Last night a documentary that’s getting a lot of national buzz made its debut on the EPIX pay channel. It’s called “Schooled: The Price of College Sports.”
Some big names appear in it, including NBC Sports Anchor Bob Costas, ESPN commentator (and former Duke basketball star) Jay Bilas, and sportswriter Frank Deford.
I’m in it too, because of my reporting on the UNC-Chapel Hill academic scandal.
Schooled takes its cues from an influential article Taylor Branch, a Pulitzer-winning author and civil rights historian, wrote for The Atlantic two years ago. (Branch is a co-producer of the documentary.) That article, “The Shame of College Sports,” made the argument that college football and basketball players in the nation’s top programs are little more than indentured servants, while coaches get rich.
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Directors also interviewed at length Mary Willingham, the former learning specialist for student athletes who disclosed to me the practice of paper classes that are at the heart of the scandal. She told me – and numerous records I later obtained confirmed this – that UNC’s Academic Support Program for Student Athletes was steering athletes to lecture-style classes that never met. Those classes, all within the African and Afro-American Studies department, required only a term paper turned in at the end, and nearly all received good to excellent grades.
The documentary has drawn plenty of praise. It’s on target as far as the big picture with the academic fraud at UNC, but it misses the mark on a couple of points.
I’m in the documentary talking about how the UNC men’s basketball team took 15 independent studies classes in 2005, a year in which the team was national champion. Those classes are suspect because the African studies department was handing out so many independent studies that there was little evidence of adequate supervision. And when an independent study scandal emerged in 2006 at Auburn University, causing faculty to ask if there were any problems here, men’s basketball players stopped taking them.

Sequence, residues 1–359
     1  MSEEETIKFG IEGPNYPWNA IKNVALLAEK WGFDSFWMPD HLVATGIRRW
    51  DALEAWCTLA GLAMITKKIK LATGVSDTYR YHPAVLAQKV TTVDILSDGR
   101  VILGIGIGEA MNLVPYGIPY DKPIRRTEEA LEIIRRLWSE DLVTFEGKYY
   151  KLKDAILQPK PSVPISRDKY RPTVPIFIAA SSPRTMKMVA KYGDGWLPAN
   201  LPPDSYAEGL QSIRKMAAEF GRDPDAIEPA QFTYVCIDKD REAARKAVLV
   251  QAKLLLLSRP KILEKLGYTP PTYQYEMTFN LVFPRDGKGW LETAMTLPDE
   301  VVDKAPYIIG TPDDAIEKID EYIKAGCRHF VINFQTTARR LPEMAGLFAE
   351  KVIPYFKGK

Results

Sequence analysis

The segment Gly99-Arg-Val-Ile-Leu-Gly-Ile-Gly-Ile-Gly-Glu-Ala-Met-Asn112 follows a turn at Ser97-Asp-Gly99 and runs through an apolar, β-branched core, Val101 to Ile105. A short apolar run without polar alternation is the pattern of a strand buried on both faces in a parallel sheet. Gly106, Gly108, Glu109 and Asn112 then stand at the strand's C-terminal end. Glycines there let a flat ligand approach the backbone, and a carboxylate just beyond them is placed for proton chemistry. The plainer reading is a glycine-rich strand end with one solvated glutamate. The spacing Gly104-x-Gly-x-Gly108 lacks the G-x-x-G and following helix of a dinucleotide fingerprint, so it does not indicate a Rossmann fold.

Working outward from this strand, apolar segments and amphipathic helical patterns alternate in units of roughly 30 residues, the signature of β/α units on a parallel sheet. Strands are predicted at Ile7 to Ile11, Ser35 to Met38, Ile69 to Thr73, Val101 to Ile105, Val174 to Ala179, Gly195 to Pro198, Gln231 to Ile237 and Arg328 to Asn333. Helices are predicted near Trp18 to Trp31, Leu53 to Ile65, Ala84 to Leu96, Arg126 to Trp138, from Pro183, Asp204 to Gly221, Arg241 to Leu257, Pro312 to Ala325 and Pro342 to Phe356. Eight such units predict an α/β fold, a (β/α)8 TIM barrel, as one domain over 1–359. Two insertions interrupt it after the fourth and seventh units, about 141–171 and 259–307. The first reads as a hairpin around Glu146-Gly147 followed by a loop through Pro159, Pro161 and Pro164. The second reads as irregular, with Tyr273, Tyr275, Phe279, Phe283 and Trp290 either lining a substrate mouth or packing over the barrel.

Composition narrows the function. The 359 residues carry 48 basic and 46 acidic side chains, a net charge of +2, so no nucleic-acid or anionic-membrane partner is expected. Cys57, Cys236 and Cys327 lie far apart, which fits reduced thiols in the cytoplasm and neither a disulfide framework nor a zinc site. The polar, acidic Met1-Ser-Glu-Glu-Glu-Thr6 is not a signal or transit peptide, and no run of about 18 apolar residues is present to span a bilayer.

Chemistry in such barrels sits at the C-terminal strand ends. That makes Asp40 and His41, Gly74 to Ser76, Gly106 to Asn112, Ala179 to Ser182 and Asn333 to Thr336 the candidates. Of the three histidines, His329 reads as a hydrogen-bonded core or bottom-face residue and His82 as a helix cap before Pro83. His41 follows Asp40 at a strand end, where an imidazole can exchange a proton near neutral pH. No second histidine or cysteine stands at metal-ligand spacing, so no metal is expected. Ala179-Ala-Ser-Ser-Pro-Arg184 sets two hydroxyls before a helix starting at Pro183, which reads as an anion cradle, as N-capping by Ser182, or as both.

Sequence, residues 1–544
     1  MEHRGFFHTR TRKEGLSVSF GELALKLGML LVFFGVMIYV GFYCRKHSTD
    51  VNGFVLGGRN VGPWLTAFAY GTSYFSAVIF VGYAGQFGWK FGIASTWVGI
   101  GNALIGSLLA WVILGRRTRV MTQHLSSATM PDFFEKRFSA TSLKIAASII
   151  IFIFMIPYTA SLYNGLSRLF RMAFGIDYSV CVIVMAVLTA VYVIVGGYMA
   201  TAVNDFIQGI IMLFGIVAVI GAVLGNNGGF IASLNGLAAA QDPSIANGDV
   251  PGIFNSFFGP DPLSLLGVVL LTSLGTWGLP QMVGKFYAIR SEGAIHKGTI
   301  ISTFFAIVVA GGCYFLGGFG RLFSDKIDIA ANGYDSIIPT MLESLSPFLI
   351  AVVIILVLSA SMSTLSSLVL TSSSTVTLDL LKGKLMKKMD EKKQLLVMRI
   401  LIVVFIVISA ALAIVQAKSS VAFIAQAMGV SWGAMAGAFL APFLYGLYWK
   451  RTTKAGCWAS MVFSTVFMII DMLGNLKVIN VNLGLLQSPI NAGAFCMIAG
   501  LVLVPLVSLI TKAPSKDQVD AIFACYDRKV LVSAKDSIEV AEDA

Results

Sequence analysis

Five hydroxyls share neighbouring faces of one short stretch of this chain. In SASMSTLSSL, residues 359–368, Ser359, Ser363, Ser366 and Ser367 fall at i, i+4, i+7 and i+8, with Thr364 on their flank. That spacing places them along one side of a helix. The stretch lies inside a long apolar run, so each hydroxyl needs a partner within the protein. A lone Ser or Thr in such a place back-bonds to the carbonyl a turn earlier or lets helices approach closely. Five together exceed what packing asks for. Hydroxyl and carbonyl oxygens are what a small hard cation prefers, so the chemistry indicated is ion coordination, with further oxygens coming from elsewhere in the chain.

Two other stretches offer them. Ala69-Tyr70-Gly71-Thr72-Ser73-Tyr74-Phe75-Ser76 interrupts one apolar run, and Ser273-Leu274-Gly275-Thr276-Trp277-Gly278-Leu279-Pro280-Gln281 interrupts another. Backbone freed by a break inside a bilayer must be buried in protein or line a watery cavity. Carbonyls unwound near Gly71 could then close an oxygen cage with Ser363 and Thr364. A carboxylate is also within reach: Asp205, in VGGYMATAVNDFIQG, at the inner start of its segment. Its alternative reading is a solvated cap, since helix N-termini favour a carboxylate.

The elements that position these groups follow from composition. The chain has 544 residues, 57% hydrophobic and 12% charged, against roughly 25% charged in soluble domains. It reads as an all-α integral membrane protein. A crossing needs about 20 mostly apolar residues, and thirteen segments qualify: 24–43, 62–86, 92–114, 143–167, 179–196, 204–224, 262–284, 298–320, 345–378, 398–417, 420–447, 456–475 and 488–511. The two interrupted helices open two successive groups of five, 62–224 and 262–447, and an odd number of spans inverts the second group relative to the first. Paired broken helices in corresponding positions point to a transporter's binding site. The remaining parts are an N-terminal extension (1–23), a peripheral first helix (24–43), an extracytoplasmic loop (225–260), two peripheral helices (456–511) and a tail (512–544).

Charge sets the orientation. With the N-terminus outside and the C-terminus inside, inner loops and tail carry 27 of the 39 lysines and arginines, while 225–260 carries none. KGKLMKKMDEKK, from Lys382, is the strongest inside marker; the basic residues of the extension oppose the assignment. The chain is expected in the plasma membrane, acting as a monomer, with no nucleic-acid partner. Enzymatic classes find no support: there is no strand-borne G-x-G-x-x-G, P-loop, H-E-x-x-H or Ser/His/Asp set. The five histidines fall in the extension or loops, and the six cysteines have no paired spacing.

But the documentary makers compressed parts of the interview in such a way that I’m in the film calling these independent studies “paper classes.” I’ve been careful to use that term to describe classes that were supposed to include lectures, but had been quietly turned into independent studies. There are legitimate classes that were intended from the start to be independent studies, and others sometimes refer to them that way.
While emails show an academic counselor did ask Julius Nyang’oro – the African studies chairman at the scandal’s center – to repeat a paper class (an intermediate-level Swahili language class), I didn’t recall any evidence of memorabilia being offered as the film says, just drinks and tickets to football games.
Former Gov. Jim Martin and the Baker Tilly consulting firm found evidence the paper classes went back to 1994. That came after our stories showed the classes went at least as far back as the late 1990s. The PackPride folks helped break that revelation by proving that a “mock” transcript I had found on UNC’s website actually belonged to football star Julius Peppers, who also played basketball.
Viewers can see Schooled at www.epixhd.com by signing up for a free two-week trial.
Or they can attend a showing of the documentary at 7 p.m., Thursday, Oct. 24, at UNC’s School of Journalism and Mass Communication. A panel discussion follows. The panel includes Branch, producer Andrew Muscato, Athletic Director Bubba Cunningham, former N.C. Supreme Court justice Bob Orr, Richard Southall of UNC’s College Sports Research Institute, former UNC and NFL football player Dwight Hollier, and me.